Please don’t burgle my (string of) turts!

This week’s plant is gaining popularity fast; little leaves resemble the shell of a sea turtle



The darker leaves on top are new growth from the string of turtles, lighter ones are about a year old.

SANDI KOBIESA, Multimedia editor

Welcome back plant friends. This week’s plant reminds me of “Over the Garden Wall,” one of my favorite cartoons. “I’m here to burgle your turts” reminds me of the desperate desire people have to own a string of turtles.

I remember first hearing about this plant, and I fell in love without even seeing it. Turtles, one of the most majestic creatures of the sea. I searched high and low to find this glorious plant, and boom, add to cart on Etsy.

For $20, I bought a two-inch pot of turtles last May and was just in awe. I babied that plant so much, I’m pretty sure all of my other plants were jealous.

Near the end of 2020, this plant started to rise in fame, and now a small two-inch pot can cost anywhere between $25 to $50.

String-of plants are very difficult for me to care for, in all honesty. I have killed a string of pearls, a string of dolphins and two strings of hearts. Basically, these plants are part of my plant graveyard.

My turtles were the first string-of plant to thrive so well. Trial and error of course, I almost killed it once when I first moved back home. They require a lot of light, like a crazy amount of light.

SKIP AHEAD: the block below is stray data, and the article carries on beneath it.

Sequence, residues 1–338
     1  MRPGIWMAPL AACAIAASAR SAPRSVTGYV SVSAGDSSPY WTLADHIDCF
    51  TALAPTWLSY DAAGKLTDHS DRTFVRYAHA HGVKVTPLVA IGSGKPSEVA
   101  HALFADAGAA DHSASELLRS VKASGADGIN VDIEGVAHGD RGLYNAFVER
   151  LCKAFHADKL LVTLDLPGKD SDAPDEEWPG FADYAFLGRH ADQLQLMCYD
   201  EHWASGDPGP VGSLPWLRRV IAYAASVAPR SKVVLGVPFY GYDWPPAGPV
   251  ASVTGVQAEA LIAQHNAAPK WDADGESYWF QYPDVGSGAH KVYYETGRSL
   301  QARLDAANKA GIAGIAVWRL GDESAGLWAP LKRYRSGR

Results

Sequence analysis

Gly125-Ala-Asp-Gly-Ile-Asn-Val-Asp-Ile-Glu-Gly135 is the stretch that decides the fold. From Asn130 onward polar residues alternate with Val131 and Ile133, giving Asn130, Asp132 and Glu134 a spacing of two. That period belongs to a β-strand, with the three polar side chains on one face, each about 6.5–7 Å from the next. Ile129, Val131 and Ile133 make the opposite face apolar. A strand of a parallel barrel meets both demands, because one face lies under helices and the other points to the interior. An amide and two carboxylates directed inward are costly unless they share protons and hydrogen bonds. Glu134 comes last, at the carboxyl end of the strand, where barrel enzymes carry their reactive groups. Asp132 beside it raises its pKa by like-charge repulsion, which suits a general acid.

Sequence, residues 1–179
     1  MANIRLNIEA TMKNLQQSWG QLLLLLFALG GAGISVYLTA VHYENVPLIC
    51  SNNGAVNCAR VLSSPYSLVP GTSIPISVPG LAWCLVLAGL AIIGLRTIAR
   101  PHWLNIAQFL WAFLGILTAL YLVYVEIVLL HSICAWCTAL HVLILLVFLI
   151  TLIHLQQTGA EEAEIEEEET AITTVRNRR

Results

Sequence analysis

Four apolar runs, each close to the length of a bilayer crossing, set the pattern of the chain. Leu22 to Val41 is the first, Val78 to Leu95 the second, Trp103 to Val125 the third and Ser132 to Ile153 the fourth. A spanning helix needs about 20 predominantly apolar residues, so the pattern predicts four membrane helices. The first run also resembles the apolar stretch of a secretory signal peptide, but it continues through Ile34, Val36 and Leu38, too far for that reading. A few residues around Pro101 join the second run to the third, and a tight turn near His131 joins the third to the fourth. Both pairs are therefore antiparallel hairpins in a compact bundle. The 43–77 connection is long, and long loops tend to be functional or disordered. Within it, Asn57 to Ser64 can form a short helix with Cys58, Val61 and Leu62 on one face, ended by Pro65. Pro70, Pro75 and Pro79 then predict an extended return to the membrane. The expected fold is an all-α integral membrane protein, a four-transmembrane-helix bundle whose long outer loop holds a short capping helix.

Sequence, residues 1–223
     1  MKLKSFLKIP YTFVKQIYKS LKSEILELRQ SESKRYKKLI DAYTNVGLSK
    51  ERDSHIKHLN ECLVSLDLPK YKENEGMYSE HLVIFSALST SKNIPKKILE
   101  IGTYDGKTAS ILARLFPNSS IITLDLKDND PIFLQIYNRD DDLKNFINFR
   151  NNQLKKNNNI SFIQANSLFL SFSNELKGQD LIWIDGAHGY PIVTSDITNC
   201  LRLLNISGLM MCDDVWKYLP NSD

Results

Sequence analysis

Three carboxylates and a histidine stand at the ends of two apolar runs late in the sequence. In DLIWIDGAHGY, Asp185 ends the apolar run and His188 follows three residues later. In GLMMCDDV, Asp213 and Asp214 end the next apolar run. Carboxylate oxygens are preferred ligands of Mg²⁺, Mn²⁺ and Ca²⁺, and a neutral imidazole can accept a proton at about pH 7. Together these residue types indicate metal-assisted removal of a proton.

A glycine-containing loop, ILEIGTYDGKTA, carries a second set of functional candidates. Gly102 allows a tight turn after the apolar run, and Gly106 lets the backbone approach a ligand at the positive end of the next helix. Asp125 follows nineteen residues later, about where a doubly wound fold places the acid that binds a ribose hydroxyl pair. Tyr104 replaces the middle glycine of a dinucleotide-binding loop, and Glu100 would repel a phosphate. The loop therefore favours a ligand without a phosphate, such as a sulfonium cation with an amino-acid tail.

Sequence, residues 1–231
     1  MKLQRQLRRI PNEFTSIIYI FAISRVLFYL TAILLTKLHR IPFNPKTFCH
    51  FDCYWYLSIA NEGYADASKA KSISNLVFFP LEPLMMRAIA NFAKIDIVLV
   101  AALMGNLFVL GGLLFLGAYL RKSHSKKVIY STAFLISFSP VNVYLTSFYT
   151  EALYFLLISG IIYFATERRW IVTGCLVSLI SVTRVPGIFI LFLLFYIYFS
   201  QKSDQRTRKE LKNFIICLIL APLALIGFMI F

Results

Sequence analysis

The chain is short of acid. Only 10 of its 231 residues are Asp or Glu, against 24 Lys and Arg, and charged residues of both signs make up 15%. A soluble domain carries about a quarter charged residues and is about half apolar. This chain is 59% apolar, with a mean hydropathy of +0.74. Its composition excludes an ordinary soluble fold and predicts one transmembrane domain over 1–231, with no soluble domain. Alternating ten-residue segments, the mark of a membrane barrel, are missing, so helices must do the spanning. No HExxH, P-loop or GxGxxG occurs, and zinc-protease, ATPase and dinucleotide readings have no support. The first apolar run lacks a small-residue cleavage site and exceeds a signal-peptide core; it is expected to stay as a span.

Mine is currently about nine inches below a grow light, but it would thrive in an east facing window or a south facing window. For this plant to grow, not only does it need light shining on the hanging parts, but also on the top of the plant, if that makes any sense.

I butt chug my string-of plants, meaning I fill up a small Tupperware with water, enough to cover the bottom half inch of the pot. With this method, the plant is able to absorb as much water their roots need without a worry of over watering.

Propagating this plant is really easy, you cut a little piece of the plant, and place it in soil. Grab a bobby pin, or break a paperclip, place it over the cutting into the soil so it doesn’t move. It will eventually grow roots that way and boom, new plant!